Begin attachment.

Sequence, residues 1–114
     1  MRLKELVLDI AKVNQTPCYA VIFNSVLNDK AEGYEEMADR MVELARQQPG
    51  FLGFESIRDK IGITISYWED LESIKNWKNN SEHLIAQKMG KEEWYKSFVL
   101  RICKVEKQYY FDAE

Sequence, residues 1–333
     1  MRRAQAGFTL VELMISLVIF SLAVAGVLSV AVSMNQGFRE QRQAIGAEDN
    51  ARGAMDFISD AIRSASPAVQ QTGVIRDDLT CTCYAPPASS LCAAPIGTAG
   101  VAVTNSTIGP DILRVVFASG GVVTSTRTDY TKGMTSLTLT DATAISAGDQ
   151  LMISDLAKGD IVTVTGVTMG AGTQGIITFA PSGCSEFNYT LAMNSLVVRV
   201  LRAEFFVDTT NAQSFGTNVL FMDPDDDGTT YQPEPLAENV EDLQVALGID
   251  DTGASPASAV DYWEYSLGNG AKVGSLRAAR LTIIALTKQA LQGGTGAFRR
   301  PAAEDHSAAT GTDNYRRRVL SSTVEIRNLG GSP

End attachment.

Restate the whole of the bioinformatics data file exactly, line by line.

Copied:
Sequence, residues 1–114
     1  MRLKELVLDI AKVNQTPCYA VIFNSVLNDK AEGYEEMADR MVELARQQPG
    51  FLGFESIRDK IGITISYWED LESIKNWKNN SEHLIAQKMG KEEWYKSFVL
   101  RICKVEKQYY FDAE

Sequence, residues 1–333
     1  MRRAQAGFTL VELMISLVIF SLAVAGVLSV AVSMNQGFRE QRQAIGAEDN
    51  ARGAMDFISD AIRSASPAVQ QTGVIRDDLT CTCYAPPASS LCAAPIGTAG
   101  VAVTNSTIGP DILRVVFASG GVVTSTRTDY TKGMTSLTLT DATAISAGDQ
   151  LMISDLAKGD IVTVTGVTMG AGTQGIITFA PSGCSEFNYT LAMNSLVVRV
   201  LRAEFFVDTT NAQSFGTNVL FMDPDDDGTT YQPEPLAENV EDLQVALGID
   251  DTGASPASAV DYWEYSLGNG AKVGSLRAAR LTIIALTKQA LQGGTGAFRR
   301  PAAEDHSAAT GTDNYRRRVL SSTVEIRNLG GSP